How Can I Believe What Your Own Scientists Do Not?
The first question I have is this: In my youth I studied biomedical science and something has developed now that was in its sub-infancy when I was a student. It is mitochondrial DNA which no one was sure even existed until fairly recently. It is not in the nucleus. When I was in university we were told there was RNA, but not deoxyribonucleic acid in the cytoplasm, it was all in the nucleus; only RNA was known to be in the cytoplasm. People began to speculate that you could have in the mitochondria of cells, mitochondria like the power houses of the cells where the work is actually done, the biochemical level, it’s where metabolism takes place for the most part, we have a form of DNA that is non-mutative because it does not go through the nucleus. And it will go from generation to generation to generation as long as you get a good strand.
The Book of Mormon has the fundamental teaching of two ancient Jewish tribes arriving, one about 600 B.C., in North America or Central America. They had a war – Nephi and the tribe that became known as the Lamanites – and the Lamanites won. The sinful tribe had won. And God punished them for their sin by darkening their complexion, making it reddish – red Indians. Yet they defeated the tribe who’d been faithful, for some reason, so the book of Mormon tells us. This is fundamental to their beliefs. When Jesus said, “I have other sheep not of this fold”, (Jn. 10:16) He came to North American Indians.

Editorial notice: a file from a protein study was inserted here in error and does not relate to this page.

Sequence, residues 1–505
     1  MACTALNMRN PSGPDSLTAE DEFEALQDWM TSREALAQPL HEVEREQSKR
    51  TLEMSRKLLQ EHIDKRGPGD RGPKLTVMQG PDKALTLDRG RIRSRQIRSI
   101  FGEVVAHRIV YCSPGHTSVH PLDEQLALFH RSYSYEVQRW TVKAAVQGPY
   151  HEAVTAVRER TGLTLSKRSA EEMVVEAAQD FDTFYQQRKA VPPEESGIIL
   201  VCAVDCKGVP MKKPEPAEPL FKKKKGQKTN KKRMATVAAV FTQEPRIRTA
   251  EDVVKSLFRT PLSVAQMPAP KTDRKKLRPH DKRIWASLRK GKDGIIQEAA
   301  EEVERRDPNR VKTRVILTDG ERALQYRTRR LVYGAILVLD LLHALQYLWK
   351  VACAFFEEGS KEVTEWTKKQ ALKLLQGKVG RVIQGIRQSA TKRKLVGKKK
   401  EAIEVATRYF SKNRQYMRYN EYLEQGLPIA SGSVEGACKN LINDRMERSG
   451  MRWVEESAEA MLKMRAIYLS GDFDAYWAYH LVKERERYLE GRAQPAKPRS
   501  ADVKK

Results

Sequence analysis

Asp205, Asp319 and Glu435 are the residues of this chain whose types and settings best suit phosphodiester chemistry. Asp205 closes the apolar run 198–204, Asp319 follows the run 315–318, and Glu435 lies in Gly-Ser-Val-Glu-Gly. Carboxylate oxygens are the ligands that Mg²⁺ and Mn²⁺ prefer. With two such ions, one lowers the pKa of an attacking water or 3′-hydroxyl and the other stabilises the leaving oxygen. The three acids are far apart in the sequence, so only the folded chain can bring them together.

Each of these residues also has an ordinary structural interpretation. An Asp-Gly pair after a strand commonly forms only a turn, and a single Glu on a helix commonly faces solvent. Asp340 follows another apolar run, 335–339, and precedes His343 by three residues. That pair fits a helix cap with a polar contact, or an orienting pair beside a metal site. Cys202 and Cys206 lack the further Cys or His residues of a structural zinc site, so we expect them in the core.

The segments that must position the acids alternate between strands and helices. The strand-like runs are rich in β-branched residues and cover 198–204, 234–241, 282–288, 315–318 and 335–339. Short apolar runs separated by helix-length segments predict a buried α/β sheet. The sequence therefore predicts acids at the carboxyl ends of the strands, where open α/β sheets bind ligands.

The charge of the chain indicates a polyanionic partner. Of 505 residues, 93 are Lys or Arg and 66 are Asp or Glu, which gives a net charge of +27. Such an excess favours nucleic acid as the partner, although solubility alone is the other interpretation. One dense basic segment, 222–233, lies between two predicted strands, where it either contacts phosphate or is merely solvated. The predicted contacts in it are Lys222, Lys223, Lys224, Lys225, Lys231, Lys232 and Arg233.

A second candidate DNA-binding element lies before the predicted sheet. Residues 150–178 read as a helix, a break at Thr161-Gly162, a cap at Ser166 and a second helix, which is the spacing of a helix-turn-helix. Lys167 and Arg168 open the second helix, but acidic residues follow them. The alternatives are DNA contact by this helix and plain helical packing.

Anthropologists, however, have long speculated that North American Indians were people who crossed the Bering Straits from Siberia. They were Asians who came from Siberia down via Alaska, Canada, and into North America, and from there to Central and South America. Some people like Thor Heyerdahl tried to prove they could have crossed the Atlantic, but essentially the anthropologists disagreed.
One of the benefits of mitochondrial DNA is its capacity to conclusively prove ancestry. There were a number of Mormon scientists, specifically microbiologists and biochemists, who were well-versed in biogenetic engineering who are interviewed on a video I watched about DNA and the Book of Mormon. Some of them had been apologists or advisors to the Mormon apologetics society called “FARMS” at Brigham Young University, but these were Ph.D. scientists, all Mormon. And they were interviewed and they looked at the evidence independently. These Mormon scientists said the following: “Mitochondrial DNA absolutely and conclusively proves from all the specimens taken all over Canada, North America, United States, Central and South America from dozens of Indian tribes that these people have the same mitochondrial DNA as people from Siberia.”